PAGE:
Back home again

Photo by Jim PetersMichigan City senior Krista Bendix is the lone gymnast returning to the team from last season. The Wolves have just three girls with prior experience in the sport on a team of 12 for first-year coach Ashley Koza, a former City gymnastics standout. 

MICHIGAN CITY — For Ashley Koza, this is personal.

Michigan City's last great gymnast, a product of the Platinum gym in which she now coaches, has taken on the task of turning around the program, and has jumped into the challenge head first.

"I was born and raised a Platinum girl," Koza said during Monday's practice. "I've been here since the start of the gym. My mom, (Amy), and my friend's mom, (Clara Vinzant), actually convinced Gillian (Kieft) to open the gym. I love it. It's why I came back. I just really wanted to get back into it. I couldn't get away from it."

A 2015 MC graduate, Koza qualified for state as a sophomore on uneven bars and again as a senior on vault. She won the Level 8 vault state title her senior year.

"I kind of remember her in the gym. I was really little," Wolves freshman Makalinn Jenks said. "She was really good. I really looked up to her. With her being coach, I love it. She's like a big sister."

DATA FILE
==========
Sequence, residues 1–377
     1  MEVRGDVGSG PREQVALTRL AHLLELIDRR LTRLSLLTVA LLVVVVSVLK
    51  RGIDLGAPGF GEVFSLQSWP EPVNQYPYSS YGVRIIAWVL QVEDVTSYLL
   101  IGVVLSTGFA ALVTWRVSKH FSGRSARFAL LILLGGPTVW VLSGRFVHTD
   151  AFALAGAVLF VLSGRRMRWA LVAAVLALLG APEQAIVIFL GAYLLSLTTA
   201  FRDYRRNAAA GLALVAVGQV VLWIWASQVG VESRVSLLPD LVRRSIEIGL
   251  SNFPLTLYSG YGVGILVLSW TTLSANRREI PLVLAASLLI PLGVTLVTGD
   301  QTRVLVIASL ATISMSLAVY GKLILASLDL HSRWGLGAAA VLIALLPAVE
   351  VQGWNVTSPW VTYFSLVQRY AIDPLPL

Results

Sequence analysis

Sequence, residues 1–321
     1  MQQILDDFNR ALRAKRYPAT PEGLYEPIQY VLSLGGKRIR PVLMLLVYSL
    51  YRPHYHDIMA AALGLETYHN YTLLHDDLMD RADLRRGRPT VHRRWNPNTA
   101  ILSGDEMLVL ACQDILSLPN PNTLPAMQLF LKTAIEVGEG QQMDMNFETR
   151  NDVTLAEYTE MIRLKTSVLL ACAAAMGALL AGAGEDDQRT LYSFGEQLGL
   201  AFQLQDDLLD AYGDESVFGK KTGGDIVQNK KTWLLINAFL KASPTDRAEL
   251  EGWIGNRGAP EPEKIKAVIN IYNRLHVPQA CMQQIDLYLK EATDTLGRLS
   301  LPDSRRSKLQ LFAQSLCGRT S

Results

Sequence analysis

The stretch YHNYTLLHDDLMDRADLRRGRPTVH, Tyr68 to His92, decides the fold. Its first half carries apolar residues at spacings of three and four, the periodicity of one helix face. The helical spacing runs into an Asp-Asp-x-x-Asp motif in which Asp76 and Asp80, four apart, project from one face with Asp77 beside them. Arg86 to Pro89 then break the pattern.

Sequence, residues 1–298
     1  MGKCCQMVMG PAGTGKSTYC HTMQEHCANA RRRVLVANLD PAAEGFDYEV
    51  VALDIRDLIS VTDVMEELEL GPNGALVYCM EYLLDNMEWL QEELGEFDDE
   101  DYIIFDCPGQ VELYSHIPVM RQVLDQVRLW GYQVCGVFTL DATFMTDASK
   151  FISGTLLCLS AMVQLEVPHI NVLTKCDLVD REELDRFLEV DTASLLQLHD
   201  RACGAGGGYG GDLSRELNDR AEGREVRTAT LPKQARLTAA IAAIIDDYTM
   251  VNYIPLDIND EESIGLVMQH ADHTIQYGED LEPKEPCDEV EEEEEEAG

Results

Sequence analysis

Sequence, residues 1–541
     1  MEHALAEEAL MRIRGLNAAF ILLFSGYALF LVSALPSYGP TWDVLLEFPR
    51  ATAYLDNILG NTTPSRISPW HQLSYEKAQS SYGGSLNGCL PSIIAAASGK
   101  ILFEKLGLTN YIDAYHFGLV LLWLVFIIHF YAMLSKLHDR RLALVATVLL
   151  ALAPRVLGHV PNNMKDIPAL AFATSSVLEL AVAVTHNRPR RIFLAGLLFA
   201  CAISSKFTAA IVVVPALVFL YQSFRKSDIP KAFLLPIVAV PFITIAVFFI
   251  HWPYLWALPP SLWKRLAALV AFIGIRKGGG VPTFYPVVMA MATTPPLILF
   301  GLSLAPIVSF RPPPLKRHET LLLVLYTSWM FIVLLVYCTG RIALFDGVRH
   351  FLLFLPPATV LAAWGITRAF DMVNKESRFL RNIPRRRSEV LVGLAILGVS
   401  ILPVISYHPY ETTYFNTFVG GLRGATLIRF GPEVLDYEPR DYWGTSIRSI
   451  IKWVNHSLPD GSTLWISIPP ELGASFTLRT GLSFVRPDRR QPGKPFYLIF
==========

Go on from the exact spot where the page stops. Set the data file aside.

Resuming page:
Before graduating from Indiana University in May 2019, Koza spent her second semester student teaching at Chesterton. She was an assistant with the state-champion Trojans gymnastics team and Dawn Matthys, who was one of Koza's club coaches growing up. She accepted a position at Michigan City to teach Spanish and with the gymnastics job open once again, the wheels began to turn.

"When I found out I was getting the job here, I reached out to Becca (Jensen) -- we were on the same team together -- and I ran the idea by her of trying to rebuild the program with her," Koza said. "She jumped on board instantly, and it's been great. I plan on sticking around as long as I can."

Koza hopes to bring some stability to the team, which has had four coaches in five seasons.

"One of the hardest things I had to deal with as a gymnast was my senior year, Gillian moved to Florida," she said. "She'd been my coach my entire life. She comes back quite a bit. She's helping me try to get everything situated as a new coach."

The return of 'Senorita' Koza, as Kylie Harrison called her coach, was a big reason the City junior returned to the sport after two years away.

"She used to be one of my idols when I was competing here," Harrison said. "That definitely persuaded me to start doing it again."

Senior Krista Bendix has been through her share of coaches at the high school and in club, so she's happy to have Koza in her corner for her final season.

"I knew her when I was little," Bendix said. "I'd come here and she'd be practicing. I'd go to meets and watch her all the time, and now she's my teacher and my coach."

Bendix is the only returning senior on the team. She, Harrison and Jenks are the sole experienced gymnasts on a team of 12 that includes a large group of senior rookies.